In light of President Obama's recent Executive Order on cybersecurity for critical infrastructure, security has become even more critical and most utility folks realize that utiltiies need to get very serious about it. The Cooperative Reserach Network has developed a guide on cybersecurity for utilities. And a new security standard for MultiSpeak was released in January 2013 that goes beyond secure sockets (SSL) and transport layer security (TLS) and implements message-level security.
If you haven't paid much attention to cybersecurity for utilities, a recent article about a gaping hole that would allow intruders to crash substations provides serious motivation to take cybersecurity more seriously.
A few months ago, two engineers, Adam Crain of Automatak and independent researcher Chris Sistrunk, discovered a potentially catastrophic vulnerability in the electric grid. They found that a flaw in multiple vendors' software that is used to monitor substations makes it easy for an internet intruder to disable substation monitoring and potentially cause a widespread power outage.
The engineers developed a program specifically to check for vulnerabilities in implementations of a widely-used communications protocol DNP3 that plays a crucial role in SCADA systems, where it is primarily used for communications between SCADA control centers, Remote Terminal Units (RTUs), and Intelligent Electronic Devices (IEDs). DNP3 allows remote substations to be monitored from a control center.
The first DNP3 program they targeted belonged to Triangle MicroWorks, which provides a DNP3-based data gateway for SCADA sytems. They found that Triangle was vulnerable to break in. They checked other vendors and found that they could successfully break into16 different SCADA vendors. They sent a detailed report to the Department of Homeland Security's Industrial Control Systems Cyber Emergency Response Team (ICS-CERT). The research showed that some implementations were third-party components in other software packages. This vulnerability can be exploited remotely (over an IP-based implementation) as well as from the local system (through a serial-based implementation).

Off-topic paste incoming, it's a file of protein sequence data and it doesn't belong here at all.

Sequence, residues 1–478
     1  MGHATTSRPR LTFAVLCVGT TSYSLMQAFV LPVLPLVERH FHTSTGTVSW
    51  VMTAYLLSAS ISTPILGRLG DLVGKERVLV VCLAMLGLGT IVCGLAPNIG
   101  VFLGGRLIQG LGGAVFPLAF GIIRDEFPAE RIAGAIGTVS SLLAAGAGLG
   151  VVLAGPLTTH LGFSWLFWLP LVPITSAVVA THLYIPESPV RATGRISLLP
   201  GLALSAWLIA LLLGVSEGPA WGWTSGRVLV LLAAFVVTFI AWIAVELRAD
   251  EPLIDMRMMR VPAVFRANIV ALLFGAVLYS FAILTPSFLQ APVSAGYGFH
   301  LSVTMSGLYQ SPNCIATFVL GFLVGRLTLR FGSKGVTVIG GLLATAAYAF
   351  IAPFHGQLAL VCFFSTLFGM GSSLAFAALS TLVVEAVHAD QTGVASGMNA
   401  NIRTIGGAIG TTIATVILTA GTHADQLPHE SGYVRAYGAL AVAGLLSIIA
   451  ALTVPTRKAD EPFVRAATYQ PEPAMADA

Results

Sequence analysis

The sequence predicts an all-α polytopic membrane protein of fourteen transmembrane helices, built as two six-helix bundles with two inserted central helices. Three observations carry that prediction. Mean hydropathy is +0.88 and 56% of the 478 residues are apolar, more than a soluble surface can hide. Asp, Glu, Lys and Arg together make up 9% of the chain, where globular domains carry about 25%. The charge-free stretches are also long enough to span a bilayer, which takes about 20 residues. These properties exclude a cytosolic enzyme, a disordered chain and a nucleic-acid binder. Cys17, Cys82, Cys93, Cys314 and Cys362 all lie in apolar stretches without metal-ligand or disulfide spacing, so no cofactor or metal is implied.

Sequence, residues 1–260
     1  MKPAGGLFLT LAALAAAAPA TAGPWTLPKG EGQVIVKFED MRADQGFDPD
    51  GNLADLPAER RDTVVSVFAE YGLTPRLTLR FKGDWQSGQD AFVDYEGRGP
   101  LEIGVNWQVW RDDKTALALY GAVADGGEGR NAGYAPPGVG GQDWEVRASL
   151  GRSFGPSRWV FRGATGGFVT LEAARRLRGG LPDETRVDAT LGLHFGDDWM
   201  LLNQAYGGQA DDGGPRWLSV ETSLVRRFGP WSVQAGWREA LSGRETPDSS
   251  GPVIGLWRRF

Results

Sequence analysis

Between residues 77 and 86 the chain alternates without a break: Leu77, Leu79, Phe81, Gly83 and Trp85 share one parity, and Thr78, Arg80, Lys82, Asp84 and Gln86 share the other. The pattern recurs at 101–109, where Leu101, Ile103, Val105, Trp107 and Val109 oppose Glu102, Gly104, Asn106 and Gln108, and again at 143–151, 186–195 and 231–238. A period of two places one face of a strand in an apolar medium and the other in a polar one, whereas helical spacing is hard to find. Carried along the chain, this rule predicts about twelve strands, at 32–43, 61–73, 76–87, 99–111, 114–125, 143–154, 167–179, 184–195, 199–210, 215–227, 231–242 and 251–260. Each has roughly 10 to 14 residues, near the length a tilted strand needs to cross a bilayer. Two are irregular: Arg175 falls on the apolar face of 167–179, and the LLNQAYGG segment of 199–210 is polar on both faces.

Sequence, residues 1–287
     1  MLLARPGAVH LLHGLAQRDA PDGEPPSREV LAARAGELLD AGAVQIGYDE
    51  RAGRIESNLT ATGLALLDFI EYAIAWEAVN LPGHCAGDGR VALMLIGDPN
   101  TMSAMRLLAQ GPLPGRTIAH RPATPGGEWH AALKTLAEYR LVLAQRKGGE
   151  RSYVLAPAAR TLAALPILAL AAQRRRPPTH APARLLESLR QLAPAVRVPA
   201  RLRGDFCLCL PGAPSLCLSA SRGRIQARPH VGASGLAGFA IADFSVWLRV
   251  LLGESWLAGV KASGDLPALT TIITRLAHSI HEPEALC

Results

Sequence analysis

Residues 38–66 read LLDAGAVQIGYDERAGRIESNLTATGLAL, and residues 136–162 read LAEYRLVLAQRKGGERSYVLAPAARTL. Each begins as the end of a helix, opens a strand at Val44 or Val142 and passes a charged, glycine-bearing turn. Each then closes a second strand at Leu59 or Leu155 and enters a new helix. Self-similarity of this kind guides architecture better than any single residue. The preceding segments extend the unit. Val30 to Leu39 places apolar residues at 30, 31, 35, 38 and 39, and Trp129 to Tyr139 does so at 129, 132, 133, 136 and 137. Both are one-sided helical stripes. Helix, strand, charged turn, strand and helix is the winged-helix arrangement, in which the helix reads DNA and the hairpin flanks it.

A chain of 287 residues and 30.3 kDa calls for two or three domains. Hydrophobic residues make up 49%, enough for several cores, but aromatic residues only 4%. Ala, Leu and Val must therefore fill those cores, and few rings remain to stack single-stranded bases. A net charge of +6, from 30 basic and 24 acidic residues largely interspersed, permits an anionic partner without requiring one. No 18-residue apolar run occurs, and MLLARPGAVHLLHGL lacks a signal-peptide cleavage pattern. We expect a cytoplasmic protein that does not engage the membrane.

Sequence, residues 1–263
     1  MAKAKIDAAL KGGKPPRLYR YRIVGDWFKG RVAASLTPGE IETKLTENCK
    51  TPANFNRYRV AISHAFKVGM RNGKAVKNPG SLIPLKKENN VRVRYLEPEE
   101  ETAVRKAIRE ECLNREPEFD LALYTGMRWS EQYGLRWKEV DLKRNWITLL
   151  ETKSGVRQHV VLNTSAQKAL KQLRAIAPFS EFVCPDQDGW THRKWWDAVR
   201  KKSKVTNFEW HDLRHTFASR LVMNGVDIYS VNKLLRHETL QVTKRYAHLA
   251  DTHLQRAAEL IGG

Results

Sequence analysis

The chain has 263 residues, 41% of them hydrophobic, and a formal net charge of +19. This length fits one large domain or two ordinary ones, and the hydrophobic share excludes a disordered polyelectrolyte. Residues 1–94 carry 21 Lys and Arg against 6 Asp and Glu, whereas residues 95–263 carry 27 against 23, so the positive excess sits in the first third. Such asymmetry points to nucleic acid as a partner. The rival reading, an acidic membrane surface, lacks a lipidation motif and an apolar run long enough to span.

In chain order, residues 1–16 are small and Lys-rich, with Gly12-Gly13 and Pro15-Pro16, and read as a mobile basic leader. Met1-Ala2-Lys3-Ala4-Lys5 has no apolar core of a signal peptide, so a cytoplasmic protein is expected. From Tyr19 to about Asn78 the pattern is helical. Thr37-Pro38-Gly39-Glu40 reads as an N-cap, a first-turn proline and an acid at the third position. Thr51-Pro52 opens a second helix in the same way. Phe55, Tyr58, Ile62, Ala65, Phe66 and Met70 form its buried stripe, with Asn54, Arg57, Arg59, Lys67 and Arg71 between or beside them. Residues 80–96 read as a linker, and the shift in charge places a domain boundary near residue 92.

The engineers then checked other vendors and discovered that they could break into nine other vendors' systems. The vendors impacted are by what ICS-CERT calls the "DNP3 IMPROPER INPUT VALIDATION VULNERABILITY" are Alstom, IOServer, Kepware Technologies, MatrikonOPC, Schweitzer Engineering Laboratories, Software Toolbox, SUBNET Solutions Inc., and Triangle MicroWorks.
put either the master station or an outstation/slave into an infinite loop or Denial of Service condition by sending a specially crafted TCP packet from the master station or from an outstation on an IP-based network. If the device is connected via a serial connection, the same attack can be accomplished with physical access to the master station or outstation. The device must be shut down and restarted manually to reset the loop state. The IP-based vulnerability could be exploited remotely, but the serial-based vulnerability is not exploitable remotely. Local access to the serial-based outstation is required.
The result is that this type of attack prevents operators from seeing what is going on in substations.
It seems that this type of attack is difficult to prevent. Traditional firewalls are not designed to stop this type of intrusion because they have to let DNP3 traffic through. ICS-CERT recommends a virtual private network (VPN). Also apparenlty current cybersecurity regulations don't cover serial communications, even though serial communications are commonly used in substations especially with older equipment.